[Mat. iv. 18.] or the call spoken of by Luke, v. 1, because it is certain that neither the one nor the other was given till after the Baptist was silenced.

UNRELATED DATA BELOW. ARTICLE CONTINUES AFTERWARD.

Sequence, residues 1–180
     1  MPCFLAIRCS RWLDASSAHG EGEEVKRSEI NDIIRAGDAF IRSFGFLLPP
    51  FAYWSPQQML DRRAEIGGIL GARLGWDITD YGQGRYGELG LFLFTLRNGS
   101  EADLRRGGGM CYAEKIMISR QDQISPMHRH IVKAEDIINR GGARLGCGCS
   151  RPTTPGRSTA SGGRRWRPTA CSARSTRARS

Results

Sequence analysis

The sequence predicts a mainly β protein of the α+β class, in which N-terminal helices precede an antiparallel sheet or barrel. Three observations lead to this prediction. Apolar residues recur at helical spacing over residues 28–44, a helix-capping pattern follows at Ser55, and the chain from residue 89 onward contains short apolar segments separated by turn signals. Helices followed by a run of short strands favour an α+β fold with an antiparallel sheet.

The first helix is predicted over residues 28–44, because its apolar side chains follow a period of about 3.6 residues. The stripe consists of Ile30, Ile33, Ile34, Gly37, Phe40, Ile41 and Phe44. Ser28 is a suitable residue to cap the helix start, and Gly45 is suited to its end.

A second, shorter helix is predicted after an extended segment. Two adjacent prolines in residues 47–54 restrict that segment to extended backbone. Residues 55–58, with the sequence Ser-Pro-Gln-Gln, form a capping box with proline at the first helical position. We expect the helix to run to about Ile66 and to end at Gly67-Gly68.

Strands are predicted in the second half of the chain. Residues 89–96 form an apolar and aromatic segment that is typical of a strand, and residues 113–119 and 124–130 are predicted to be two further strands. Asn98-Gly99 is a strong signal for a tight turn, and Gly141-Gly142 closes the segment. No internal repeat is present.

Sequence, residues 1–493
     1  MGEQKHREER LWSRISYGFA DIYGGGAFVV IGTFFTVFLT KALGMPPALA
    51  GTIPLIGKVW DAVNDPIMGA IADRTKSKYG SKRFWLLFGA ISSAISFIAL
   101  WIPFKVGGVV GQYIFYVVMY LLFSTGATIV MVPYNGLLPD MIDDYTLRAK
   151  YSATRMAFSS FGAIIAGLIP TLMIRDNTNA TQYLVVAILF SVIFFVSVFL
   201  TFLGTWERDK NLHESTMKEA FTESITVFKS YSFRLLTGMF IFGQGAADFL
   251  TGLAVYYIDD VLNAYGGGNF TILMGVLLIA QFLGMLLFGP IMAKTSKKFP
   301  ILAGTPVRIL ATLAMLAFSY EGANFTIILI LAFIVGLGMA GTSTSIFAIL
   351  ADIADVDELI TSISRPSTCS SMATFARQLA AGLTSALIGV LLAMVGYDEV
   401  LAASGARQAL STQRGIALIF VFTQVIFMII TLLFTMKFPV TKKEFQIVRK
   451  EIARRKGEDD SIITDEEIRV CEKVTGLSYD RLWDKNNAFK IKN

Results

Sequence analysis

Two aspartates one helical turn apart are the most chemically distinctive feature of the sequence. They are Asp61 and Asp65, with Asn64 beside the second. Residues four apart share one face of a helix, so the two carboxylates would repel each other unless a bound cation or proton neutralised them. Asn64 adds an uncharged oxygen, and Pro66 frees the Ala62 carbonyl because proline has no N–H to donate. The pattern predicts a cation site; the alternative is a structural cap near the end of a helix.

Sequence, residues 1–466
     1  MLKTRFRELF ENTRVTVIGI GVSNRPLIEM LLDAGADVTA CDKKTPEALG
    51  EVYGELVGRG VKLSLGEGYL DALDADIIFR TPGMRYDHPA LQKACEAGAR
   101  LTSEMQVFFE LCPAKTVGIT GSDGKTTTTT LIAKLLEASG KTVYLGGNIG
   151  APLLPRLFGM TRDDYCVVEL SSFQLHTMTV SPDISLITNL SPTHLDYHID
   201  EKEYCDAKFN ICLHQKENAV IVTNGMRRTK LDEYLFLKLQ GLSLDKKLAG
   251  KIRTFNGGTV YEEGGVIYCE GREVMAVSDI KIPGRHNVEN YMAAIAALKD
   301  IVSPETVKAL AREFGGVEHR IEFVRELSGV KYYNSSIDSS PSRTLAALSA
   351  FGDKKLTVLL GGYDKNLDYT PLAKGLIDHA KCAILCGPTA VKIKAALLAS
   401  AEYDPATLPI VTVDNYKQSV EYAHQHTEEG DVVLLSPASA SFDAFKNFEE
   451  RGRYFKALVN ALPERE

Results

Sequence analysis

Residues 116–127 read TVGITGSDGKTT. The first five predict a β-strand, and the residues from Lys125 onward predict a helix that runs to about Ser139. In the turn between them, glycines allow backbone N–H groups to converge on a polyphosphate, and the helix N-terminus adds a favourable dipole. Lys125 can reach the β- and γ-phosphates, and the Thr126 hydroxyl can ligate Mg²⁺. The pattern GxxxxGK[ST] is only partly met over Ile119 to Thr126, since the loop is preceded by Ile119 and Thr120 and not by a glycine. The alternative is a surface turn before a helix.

On the third day after Jesus and his disciples arrived in Galilee they went to a marriage that was at Cana. Here Jesus furnished wine for the feast by miracle, by the desire of his mother, who was also bidden. Dr. Clarke thinks our Lord, in the course of private life, had sometimes exerted his divine power for the relief of his friends; and that his mother, having seen or heard of these miracles, knew the greatness of his power, and so applied to him on this occasion. Or we may suppose she had heard him speak of the miracles he was to perform for the confirmation of his mission, and the benefit of mankind, and begged him to favour his friends with one in the present necessity. Probably, Mary interested herself in this matter because she was a relation, or an intimate acquaintance of the new married couple, and had the management of the entertainment committed to her care, so was anxious to have every thing gone about with decency. Or she might make the case known to her son, being desirous to see him perform a miracle before such a numerous company of friends. (John ii. 1..4. And the third day there was a marriage in Cana of Galilee, and the mother of Jesus was there. And both Jesus was called, and his disciples, to the marriage. And when they wanted wine, the mother of Jesus saith unto him, They have no wine. Jesus saith unto her, Woman, what have I to do with thee? mine hour is not yet come. We have no reason, as Dr. Doddridge observes, to conclude that there was any rudeness in his addressing his mother thus. For though, indeed, it is amamer of expression that is very unusual among us, to call a person woman when we are speaking to her, if she be one to whom we think that any respect is due, yet, some of the politest writers of antiquity make the most well-bred accomplished princes use it in their addressing ladies of the highest quality; and even servants too are sometimes represented as speaking of their mistresses in the same language. Mary was, without doubt, blameable, for presuming to direct her 'son in the duties of his ministry, her parental authority not extending to these matters. Therefore, he very justly gave her this gentle rebuke, in which he insimuated that his miracles were not to be performed at the desire of his relations, for civil and private reasons of conveniency, so that she acted improperly in making the request; yet Jesus, knowing that it would tend to the confirmation of his disciples' faith, and to the advancement of his mission, thought proper to comply, being not the less willing to exert his power, that his friends would reap some benefit from the matter of the miracle Ordering the servants, therefore, to fill six water-pots, that were at hand, to the brim, with water, the instant the pots were filled he converted the whole mass of the fluid into excellent wine ; then desired that some of it might be drawn out, and carried to the governor of the feast, or entertainer of the company. [John ii. 5.) Among the Greeks, Romans, and Jews, it was usual at great entertainments, especially marriage feasts, to appoint a master of ceremonies, who gave directions, not only concerning the form and method of the entertainment, but likewise prescribed the laws of drinking. Jesus, therefore, ordered the wine, which he had formed, to be carried to the governor of the feast, that, by his judgment passed upon it in the hearing of all the guests, it might be known to be genuine wine of the best kind. The governor of the feast, on tasting the wine, was highly pleased with its flavour and richness, but did not know how it had been procured. Wherefore, addressing himself to the bridegroom in the hearing of all the guests, he commended it as far preferable to what they had been drinking, and praised him for the elegance of his taste, and for his civility in giving the company better wine during the progress of the entertainment, than at the beginning of it, which shewed that he did not grudge the quantity they might use. This information,